The market does not consider how much it costs to produce wheat when determining the price. All the market cares about is how much wheat is needed to meet consumer demand, how much the consumer will pay, and what it costs to process and deliver the product from the farmer to the consumer.
In the short-run, production costs are not associated with market price. However, production costs are essential to determine what the market price means to the farm enterprise.
Farmers do not market wheat. Farmers market land, labor, capital, and management by producing commodities that can be sold to consumers. The commodity with the highest expected (calculated) net return is produced and sold to convert land, labor, capital, and management to dollars.
Once the commodity is produced, producers sell the commodity for the price being offered by the market. By using forward contracts, futures contracts, and/or futures option contracts, producers do have the opportunity to select prices being offered by the market over time.
Costs, yields, and prices are the key components in calculating net returns. After the commodity (wheat) has been planted and yield targets selected, the only marketing left is managing remaining costs and taking advantage of prices the market offers.
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For example, a producer in Grant County, Oklahoma, has a wheat target yield of 50 bushels per acre. The per acre cost to establish the crop includes land rent ($55), field work ($30), planting ($14), seed ($14), insurance ($12), and fertilizer ($44 – 50 per pound of N; $ 60 for P). The total variable cost per acre to date is $169.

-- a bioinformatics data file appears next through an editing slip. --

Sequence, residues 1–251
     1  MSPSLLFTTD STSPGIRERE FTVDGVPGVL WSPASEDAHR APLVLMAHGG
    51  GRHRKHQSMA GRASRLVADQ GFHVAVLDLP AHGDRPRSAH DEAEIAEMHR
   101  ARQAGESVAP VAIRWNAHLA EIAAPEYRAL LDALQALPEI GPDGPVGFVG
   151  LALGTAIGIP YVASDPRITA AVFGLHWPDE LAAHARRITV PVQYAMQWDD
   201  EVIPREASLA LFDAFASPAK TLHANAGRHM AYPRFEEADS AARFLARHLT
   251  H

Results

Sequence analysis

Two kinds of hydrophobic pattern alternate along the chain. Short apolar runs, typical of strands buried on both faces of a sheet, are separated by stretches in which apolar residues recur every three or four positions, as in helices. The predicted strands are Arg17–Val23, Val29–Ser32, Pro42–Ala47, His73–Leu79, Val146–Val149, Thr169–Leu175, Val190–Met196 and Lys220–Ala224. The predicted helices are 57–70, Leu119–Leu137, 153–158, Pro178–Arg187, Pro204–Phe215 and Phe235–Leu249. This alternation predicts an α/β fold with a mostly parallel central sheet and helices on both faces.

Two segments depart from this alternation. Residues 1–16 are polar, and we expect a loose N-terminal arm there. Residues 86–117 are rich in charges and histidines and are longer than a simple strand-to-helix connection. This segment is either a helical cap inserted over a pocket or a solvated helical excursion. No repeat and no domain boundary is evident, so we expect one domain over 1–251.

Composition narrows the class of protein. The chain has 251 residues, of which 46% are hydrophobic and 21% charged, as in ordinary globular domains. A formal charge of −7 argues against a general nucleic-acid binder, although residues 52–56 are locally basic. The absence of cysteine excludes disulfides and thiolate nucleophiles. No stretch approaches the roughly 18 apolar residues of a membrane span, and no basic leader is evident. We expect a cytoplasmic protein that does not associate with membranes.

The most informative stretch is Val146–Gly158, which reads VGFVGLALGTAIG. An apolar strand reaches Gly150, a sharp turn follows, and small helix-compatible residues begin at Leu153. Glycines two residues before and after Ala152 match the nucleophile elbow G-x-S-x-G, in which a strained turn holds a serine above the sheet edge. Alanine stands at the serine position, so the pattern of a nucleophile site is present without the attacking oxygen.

Remaining variable costs between now and harvest include top-dress nitrogen ($30; 50 per pound of N via UAN), fungicide ($15), and harvesting ($35). Total variable costs are projected to be $249.
Fixed costs (taxes, insurance, and depreciation) are $25 per acre. The total cost per acre is projected to be $274.
At 50 bushels per acre, the breakeven price would be $4.98 per bushel for variable costs and $5.48 for total costs.
At this writing, the market is offering $5.59 for 2015-harvest delivered wheat. This offering implies an expected 61 cents a bushel above variable costs and 11 cent per bushel above total costs.
Knowing expected costs helps put the market offered price into perspective. Do you want a forward contract that only locks in 61 cents a bushel above variable costs and is 11 cents per bushel above the total cost of production?
One problem is a 50 percent chance that the harvest wheat price will be less than $5.59, and a possibility that the price could be $5 or less.
This situation raises several questions. The first is: “What would cause wheat prices to be less than $5.59?” The answer is that higher production than expected would probably result in lower prices. In this case, as production goes up, the break-even price comes down. Lower prices would be partially offset by higher production.
Another question is: “What marketing tools are available to insure against lower prices?” One tool is forward contracts that have already been discussed. Another is buying futures put option contracts to establish an expected minimum price.
At this writing, a KC July wheat (at the money) $6.10 put option contract costs about 40 cents per bushel. The expected minimum price would be $5.20 ($6.10 - $0.40 premium - $0.50 basis). This figure is 22 cents above variable costs and 28 cents below total costs.
Knowing production costs will not change or influence the market price. But, knowing production costs will assist in setting market price objectives and in knowing when to accept a market price.